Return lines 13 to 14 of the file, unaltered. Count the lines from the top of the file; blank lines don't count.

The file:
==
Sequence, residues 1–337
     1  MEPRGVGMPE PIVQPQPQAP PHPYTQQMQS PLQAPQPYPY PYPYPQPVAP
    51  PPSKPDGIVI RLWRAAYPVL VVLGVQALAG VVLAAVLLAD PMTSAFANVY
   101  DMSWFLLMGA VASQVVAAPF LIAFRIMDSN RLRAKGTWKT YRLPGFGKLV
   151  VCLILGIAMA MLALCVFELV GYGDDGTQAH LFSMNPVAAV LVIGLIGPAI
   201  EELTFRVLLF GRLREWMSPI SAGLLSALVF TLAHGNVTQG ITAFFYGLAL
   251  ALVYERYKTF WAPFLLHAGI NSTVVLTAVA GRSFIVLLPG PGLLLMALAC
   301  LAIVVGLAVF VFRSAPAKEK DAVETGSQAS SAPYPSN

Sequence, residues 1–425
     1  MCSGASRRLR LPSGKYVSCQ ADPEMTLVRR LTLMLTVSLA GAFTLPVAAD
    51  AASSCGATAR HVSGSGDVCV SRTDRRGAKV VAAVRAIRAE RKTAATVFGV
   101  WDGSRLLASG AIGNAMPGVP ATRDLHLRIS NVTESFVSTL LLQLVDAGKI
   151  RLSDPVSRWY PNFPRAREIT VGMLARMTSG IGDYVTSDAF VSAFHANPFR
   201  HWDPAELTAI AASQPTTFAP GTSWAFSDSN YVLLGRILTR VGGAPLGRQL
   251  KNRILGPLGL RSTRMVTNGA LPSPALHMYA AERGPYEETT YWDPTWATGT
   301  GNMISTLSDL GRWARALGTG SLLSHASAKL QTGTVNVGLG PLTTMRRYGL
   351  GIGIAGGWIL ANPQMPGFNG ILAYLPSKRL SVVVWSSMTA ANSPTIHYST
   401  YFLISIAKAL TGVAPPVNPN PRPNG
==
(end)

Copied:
   151  RLSDPVSRWY PNFPRAREIT VGMLARMTSG IGDYVTSDAF VSAFHANPFR
   201  HWDPAELTAI AASQPTTFAP GTSWAFSDSN YVLLGRILTR VGGAPLGRQL